Statement: New Study from The Education Trust–West Finds More Equitable Funding but Persistent Access Gaps Three Years into LCFF

(OAKLAND, CA) A few years into California’s Local Control Funding Formula (LCFF), school district funding is more equitable but access gaps persist according to The Steep Road to Resource Equity in California Education: The Local Control Funding Formula After Three Years, a new research study by The Education Trust–West. Through comprehensive data analysis, the report finds that LCFF has reversed inequitable revenue gaps that used to exist between the highest and lowest poverty school districts. The revenue gap was at its widest point right before LCFF, with the highest poverty districts receiving $829 less per student in 2012-13. The analysis found that funding three years into LCFF was more equitable, with the highest poverty districts receiving an average of $334 more per student in 2015-16.

While this research finds that funding has become more equitable, it did not find evidence that this funding has yet translated into more equitable opportunities for students in low-income schools. The highest poverty schools still have less access to crucial school support staff, and a rigorous and broad curriculum – in some cases these gaps have widened. Low-income students have, for example, significantly less access to counselors and librarians and courses like Calculus, Physics, Computer Science, and Music. Our research could not fully assess how equitable spending is at the school site level, since budget information is not reported in a standardized or centralized way.

“While we fully support the intent of the law, LCFF’s success hinges on how we implement the formula and how districts think about using the whole budget to support equity.” said Ryan J. Smith, Executive Director of The Education Trust–West. “The law revolutionized how we fund districts, now it’s time that we focus on closing opportunity gaps for low-income students and students of color.”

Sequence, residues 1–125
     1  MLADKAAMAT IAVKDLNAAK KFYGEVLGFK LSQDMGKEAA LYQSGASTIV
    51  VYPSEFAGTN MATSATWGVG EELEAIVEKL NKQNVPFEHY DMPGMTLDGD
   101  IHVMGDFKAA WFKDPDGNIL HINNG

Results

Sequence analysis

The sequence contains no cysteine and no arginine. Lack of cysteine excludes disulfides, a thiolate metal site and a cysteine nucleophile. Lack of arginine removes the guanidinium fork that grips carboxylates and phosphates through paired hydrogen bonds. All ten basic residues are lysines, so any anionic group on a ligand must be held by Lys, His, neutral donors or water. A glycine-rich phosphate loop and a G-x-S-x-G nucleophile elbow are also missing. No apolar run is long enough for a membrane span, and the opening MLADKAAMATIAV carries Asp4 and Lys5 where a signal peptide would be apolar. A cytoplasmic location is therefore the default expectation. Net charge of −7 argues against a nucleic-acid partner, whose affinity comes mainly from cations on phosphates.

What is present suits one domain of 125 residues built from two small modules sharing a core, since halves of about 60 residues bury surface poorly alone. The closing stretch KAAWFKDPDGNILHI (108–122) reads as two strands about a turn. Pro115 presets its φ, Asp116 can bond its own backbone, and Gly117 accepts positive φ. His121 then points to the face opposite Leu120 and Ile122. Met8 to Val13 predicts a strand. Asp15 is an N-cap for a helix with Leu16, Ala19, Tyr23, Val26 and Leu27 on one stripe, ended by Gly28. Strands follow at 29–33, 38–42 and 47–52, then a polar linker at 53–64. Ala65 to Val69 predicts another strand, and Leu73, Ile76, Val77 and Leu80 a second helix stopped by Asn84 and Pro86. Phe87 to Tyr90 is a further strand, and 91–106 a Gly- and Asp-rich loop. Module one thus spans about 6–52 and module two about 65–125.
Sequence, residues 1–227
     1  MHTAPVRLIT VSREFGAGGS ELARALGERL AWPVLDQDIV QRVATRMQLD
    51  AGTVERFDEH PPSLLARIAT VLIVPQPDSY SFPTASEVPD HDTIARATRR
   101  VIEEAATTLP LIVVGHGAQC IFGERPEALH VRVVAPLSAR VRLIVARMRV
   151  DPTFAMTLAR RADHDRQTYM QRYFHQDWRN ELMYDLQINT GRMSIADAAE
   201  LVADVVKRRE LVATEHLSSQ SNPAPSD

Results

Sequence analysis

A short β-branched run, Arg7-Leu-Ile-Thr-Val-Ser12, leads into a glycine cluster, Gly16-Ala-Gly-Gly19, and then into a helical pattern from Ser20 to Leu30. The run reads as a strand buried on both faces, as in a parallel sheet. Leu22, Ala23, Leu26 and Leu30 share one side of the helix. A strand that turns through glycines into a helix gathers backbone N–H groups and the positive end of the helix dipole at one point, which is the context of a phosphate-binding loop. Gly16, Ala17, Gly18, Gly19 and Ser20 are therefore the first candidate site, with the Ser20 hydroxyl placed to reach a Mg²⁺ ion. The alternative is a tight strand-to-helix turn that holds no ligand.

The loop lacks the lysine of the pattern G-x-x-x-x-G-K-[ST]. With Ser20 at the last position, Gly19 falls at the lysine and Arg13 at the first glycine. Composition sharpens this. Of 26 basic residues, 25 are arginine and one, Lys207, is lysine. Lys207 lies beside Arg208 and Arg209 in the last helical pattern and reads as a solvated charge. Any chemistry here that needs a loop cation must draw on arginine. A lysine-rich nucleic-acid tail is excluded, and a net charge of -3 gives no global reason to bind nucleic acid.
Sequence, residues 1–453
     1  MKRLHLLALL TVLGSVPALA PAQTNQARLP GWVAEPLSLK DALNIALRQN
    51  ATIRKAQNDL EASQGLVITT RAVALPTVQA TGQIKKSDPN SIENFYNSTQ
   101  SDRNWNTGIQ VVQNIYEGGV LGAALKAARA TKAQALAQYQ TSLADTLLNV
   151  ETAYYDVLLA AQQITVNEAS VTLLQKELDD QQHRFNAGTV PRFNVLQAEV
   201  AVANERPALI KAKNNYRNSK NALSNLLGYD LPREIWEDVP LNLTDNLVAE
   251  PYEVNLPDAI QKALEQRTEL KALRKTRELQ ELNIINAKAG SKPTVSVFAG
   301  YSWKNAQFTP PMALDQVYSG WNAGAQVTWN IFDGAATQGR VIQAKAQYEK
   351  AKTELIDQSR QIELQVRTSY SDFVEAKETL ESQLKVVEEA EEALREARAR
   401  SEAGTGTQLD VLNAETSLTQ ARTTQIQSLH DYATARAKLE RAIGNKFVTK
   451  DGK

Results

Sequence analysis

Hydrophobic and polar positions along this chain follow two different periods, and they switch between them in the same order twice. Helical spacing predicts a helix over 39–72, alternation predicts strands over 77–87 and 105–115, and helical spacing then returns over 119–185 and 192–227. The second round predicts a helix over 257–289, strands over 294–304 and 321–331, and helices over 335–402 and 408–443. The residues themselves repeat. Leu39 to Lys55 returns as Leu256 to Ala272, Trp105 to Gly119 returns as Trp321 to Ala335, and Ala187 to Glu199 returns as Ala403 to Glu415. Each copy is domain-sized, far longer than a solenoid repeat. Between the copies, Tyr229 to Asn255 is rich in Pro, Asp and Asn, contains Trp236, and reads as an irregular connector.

Despite policy and economic constraints, some districts are using the full budget and leveraging personnel to support equity. These districts are shifting dollars and staff to higher need schools, and addressing institutional barriers to opportunities. The report concludes with recommendations for policymakers and district leaders to reaffirm California’s commitment to LCFF, improve funding transparency, and use LCFF to expand equitable opportunities in school districts.



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Karla Fernandez

Communications Manager

Karla Fernandez (she/her/hers) joins Ed Trust–West as a Communications Manager with over 11 years of experience advancing social impact initiatives.

Karla started her career as a teacher at Chicago Public Schools and UIC College Prep. After teaching, Karla joined United Friends of the Children to support LA County’s youth in foster care as a college counselor. Through Leadership for Educational Equity, Karla also served as a Policy Advisor Fellow for the office of a Los Angeles Unified School Board Member. She solidified her interests in policy analysis and quantitative research during her time with the Price Center for Social Innovation, the Housing Authority of the City of Los Angeles, and the USC Presidential Working Group on Sustainability. Before joining The Education Trust–West, Karla was the Associate Director for the Southeast Los Angeles (SELA) Collaborative, a network of nonprofits advocating for communities in SELA.

Karla holds a Bachelor’s Degree in Anthropology from the University of Chicago, a Master of Public Policy from the USC Price School of Public Policy, and a Graduate Certificate in Policy Advocacy from the USC Annenberg School for Communication and Journalism. Karla is based out of southern California and is passionate about using data analysis, communications, and digital strategies for policy advocacy and social justice efforts.